FINGERS was relatively easy as old films/books etc always had a crook named something like Fingers Malone.
    I guess this relates to a safe breaker using his fingers to deal with a combination lock or just derives from something like “lightfingered”.

    However, EDINBURGH has driven me nuts all day (or at least the BURGH bit has).

    The only thing I could find was from Websters Dictionary of 1828 which has the following entry:

    “BURGH, n. burg. A different orthography of burg, borough, which see.” (

    That is all it says and does not really make much sense to me.

    So I am still stuffed.

    And even if poor old Rover was getting on a bit when he passed away an 1828 Dick&Harry does seem to be pushing it a bit.

  39. Martin P says:

    Like several I struggled with 26a. As a different take, I wondered about the early telegraph’s operation using an electromagnet pulling a pen, or needle onto a blackened paper to make scratches of the dots and dashes of Morse Code. I think this was used but couldn’t say if it was known as a scorecard. I did like 4 down and a few others though.

  40. Jim says:

    Failed to get Burgess & Eagle, but was got Scorecards and Edinburgh without too much difficulty.

    Also failed to solve the Times crossword. Not a good day!

  41. Jan says:

    I failed to get Burgess!!!

    Jan Burgess

  42. tupu says:

    I have returned from the Great Wen to find 15d still troubling my co-bloggers.

    As I and others noted earlier, I cannot see anything much wrong with Brian’s suggestion. Edin is both an anagram of dine (indicator ‘out’) and a standard abbreviation of Edinburgh a la OED list. Edin ‘at length’ is Edinburgh (the city). Not very pretty but logical enough surely.

  43. Carrots says:

    As usual, I`m far to late pitching in and have nothing much to add. I do think “guy” deserves a capital letter for the BURGESS clue to make sense and I thought SUBJECT deserves a better definition.

    I also thought DAVID was sloppy….and stretched the definition of “greed”.

    SCORECARDS went in, but I have no idea why.

    Tupu… you will sometimes bleed to justify a clearly flawed clue: and what the hell is the Great Wen when its at home? (You must remember that some of us did`t have a classical education and went to Art School instead). I sometimes think that this was both the making and breaking of me….but give me Art School any day!!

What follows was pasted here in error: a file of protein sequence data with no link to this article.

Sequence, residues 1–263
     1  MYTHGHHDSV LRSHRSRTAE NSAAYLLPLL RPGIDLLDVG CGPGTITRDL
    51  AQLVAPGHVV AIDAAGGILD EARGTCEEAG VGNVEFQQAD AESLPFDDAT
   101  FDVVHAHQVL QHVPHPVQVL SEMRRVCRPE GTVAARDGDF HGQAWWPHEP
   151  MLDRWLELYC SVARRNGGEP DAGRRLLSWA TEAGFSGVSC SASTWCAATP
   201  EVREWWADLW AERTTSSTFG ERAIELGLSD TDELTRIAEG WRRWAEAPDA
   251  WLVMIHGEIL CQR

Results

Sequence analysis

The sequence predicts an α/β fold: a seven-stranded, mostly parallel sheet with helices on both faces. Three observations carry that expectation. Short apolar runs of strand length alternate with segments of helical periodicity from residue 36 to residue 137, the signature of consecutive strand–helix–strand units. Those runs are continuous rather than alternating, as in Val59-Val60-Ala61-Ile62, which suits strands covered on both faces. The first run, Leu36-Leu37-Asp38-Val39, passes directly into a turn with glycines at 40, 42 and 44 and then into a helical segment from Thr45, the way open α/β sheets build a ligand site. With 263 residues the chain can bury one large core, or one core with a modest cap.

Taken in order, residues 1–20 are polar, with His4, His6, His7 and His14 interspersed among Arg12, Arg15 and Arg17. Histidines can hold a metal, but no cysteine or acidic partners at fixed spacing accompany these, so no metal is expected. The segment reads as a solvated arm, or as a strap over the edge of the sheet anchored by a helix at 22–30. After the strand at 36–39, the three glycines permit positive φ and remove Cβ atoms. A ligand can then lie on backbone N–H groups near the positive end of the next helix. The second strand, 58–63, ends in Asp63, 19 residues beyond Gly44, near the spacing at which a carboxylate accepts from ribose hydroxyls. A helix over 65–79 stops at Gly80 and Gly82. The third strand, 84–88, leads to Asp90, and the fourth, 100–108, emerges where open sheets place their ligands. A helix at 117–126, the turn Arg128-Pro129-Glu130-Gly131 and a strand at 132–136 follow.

44. tupu says:

    Hi Carrots
    I did not like the clue. The problem was to see any sense in it. All I was saying was that Brian did that when I and others had failed. (Continued in discussion)

  45. mark says:

    Agree with much that was said.

    One of those puzzles I kept by the bed thinking I was being stupid and tried again next day – what a waste of time!

    I didn’t know Rover was no more……I won’t say anything else.

  46. Maureen (Australia) says:

    Dickie Fingers is a safebreaker in an episode of the recent TV program “life on Mars”

  47. PeterO says:

    Carrots – on the offchance that you happen to pick this up: I agree about the lowercase guy. Thinking back, I wondered why, while preparing the blog, I had looked up reveal, but not Telegraph. Perhaps I was put off by the capital – and that is the more acceptable deviation from Truth in Capitalisation. Of course, one might argue that Mr. Burgess was a guy who happened to be named Guy. As for SUBJECT, the grammatical definition ‘the one who does’ may be a bit elliptical, but I think ‘French, say’ as a school subject is clear enough. I do not see your objection to AVID in 17A; Chambers gives greedy as the first definition.
    I agree with tupu that Brian’s explanation of 15D is the most likely.

  48. Sil van den Hoek says:

    PeterO, I admire your commitment regarding this puzzle.
    Rover’s puzzles have always been extremely controversial.
    Personally, I do think that every setter wants to entertain us, but I have to admit that Rover is not really My Cup Of Tea.
    Therefore I decided, nót to do his crosswords anymore.

    Does this crossword deserve an unbelievably high amount of posts (47 so far)?
    I don’t think so.

    The EDINBURGH clue, which nobody can explain, shouldn’t have gone past the editor, IMO. But it did.
    And , as Eileen says, ‘guy’ in lower case is not ‘according to the rules’.

    I have to be careful with what I say, but this was a poor puzzle.

  49. Gordon Roy says:

    I agree with the comments at 28, 29 and 48. I have been doing the Guardian puzzles for over 40 years. This was quite simply the worst puzzle I have had the misfortune to ever do. It was absolutely dreadful. I now do the puzzles infrequently as I just live in the USA and do those from the Guardian Weekly. Believe it or not this was the one they chose for this last week. I cannot imagine that there were not better examples from last weeks puzzles. What a disappointment.

  50. Gordon Roy says:

    I meant to add that what makes this more bizarre is that the puzzle was in the Guardian Weekly that I received on Wednesday 19th January. That means it was posted in the Guardian Weekly the day before it appeared in the Guardian in the UK. Very odd indeed. I wish I had had time to complete it then [I did not do this before the weekend]on 19th and post a warning to everyone to not bother with the crossword the next day! I would have appeared very prescient indeed.

    Best wishes